Behind the bishop stands Saint Peter the Apostle, dressed in a white crown signifying martyrdom. The saint has both hands on the shoulders of the bishop. This pose, common in Nubian painting of the epoch, signifies the fact that the saint protects and supports the bishop, but also points at the supernatural character of bishop's power.
Around the head of Saint Peter there is a black inscription in Greek: SAINT PETER THE APOSTLE MARTYR OF THE CROSS ABBA PETROS BISHOP AND METROPOLITAN OF PACHORAS [may he live] MANY YEARS.
- Michałowski, Kazimierz (1974). Faras; die Wandbilder in den Sammlungen des Nationalmuseums zu Warschau (in German). Warszawa: Wydawn. Artystyczno-Graficzne. OCLC 1225416.
- Mierzejewska, Bożena (2016), "Malowidło ścienne – Biskup Petros pod opieką Św. Piotra", Muzeum Cyfrowe (in Polish), retrieved 2016-07-07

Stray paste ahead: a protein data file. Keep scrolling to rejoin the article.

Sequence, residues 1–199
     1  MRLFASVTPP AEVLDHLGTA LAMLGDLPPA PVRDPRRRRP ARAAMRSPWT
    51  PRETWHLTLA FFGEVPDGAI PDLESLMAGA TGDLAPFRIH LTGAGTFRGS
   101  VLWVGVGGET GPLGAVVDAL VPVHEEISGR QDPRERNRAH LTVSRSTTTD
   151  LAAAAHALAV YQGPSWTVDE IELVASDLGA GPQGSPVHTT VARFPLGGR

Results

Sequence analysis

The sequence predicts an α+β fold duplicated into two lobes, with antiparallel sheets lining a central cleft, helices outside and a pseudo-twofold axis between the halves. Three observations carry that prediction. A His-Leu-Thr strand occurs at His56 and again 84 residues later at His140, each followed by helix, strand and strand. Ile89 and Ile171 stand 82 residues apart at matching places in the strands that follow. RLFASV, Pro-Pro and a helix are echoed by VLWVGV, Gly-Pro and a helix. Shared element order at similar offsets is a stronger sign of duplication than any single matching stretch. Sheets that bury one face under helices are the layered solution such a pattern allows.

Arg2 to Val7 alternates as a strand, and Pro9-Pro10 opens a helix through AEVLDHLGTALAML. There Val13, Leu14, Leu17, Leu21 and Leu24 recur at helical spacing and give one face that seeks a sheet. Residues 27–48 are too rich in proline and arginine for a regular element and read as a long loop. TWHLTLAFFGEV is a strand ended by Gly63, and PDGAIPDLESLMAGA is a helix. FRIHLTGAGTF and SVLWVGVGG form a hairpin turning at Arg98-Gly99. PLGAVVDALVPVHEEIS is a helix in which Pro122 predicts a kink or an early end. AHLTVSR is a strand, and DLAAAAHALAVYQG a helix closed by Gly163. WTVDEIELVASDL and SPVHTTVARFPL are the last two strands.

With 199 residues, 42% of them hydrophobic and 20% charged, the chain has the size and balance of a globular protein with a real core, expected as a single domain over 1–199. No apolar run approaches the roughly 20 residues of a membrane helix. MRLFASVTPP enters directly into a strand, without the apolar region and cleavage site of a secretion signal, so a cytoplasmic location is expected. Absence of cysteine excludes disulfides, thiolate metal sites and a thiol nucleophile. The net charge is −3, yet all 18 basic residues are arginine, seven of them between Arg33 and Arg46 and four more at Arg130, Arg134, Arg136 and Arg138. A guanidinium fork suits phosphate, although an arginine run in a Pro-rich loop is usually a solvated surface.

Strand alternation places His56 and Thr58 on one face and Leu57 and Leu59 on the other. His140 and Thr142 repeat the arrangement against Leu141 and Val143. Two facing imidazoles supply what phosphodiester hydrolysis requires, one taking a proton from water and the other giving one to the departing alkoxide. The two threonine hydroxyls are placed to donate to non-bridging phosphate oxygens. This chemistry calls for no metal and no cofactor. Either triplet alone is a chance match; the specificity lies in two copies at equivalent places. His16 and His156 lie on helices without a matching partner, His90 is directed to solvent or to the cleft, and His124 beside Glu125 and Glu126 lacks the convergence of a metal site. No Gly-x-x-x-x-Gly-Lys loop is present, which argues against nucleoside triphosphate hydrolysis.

- Mierzejewska, Bożena (2014), "Król Georgios II z Matką Boską z Dzieciątkiem & Biskup Petros ze świętym Piotrem Apostołem", in Mierzejewska, Bożena (ed.), Galeria Faras im. Profesora Kazimierza Michałowskiego. Przewodnik (in Polish), Warszawa: Muzeum Narodowe w Warszawie, pp. 180–182, ISBN 978-83-7100-916-7
- Gołgowski, Tadeusz (1967), "Z problematyki ikonografii biskupów Pachoras", Rocznik Muzeum Narodowego w Warszawie (in Polish), Warszawa: Muzeum Narodowe w Warszawie (11), retrieved 2016-07-07
- Martens-Czarnecka, Małgorzata (2006), "Malowidła z Dongoli", in Martens-Czarnecka, Małgorzata; Jakobielski, Stefan (eds.), Polskie wykopaliska w Starej Dongoli: 45 lat współpracy archeologicznej z Sudanem (in Polish), Warszawa, p. 35
- Sulikowska, Aleksandra, ed. (2015). "Galeria Faras / Galerie stałe / Kolekcje / Muzeum Narodowe". www.mnw.art.pl (in Polish and English). Muzeum Narodowe w Warszawie (corporate author). Archived from the original on 2018-01-21. Retrieved 2016-10-20.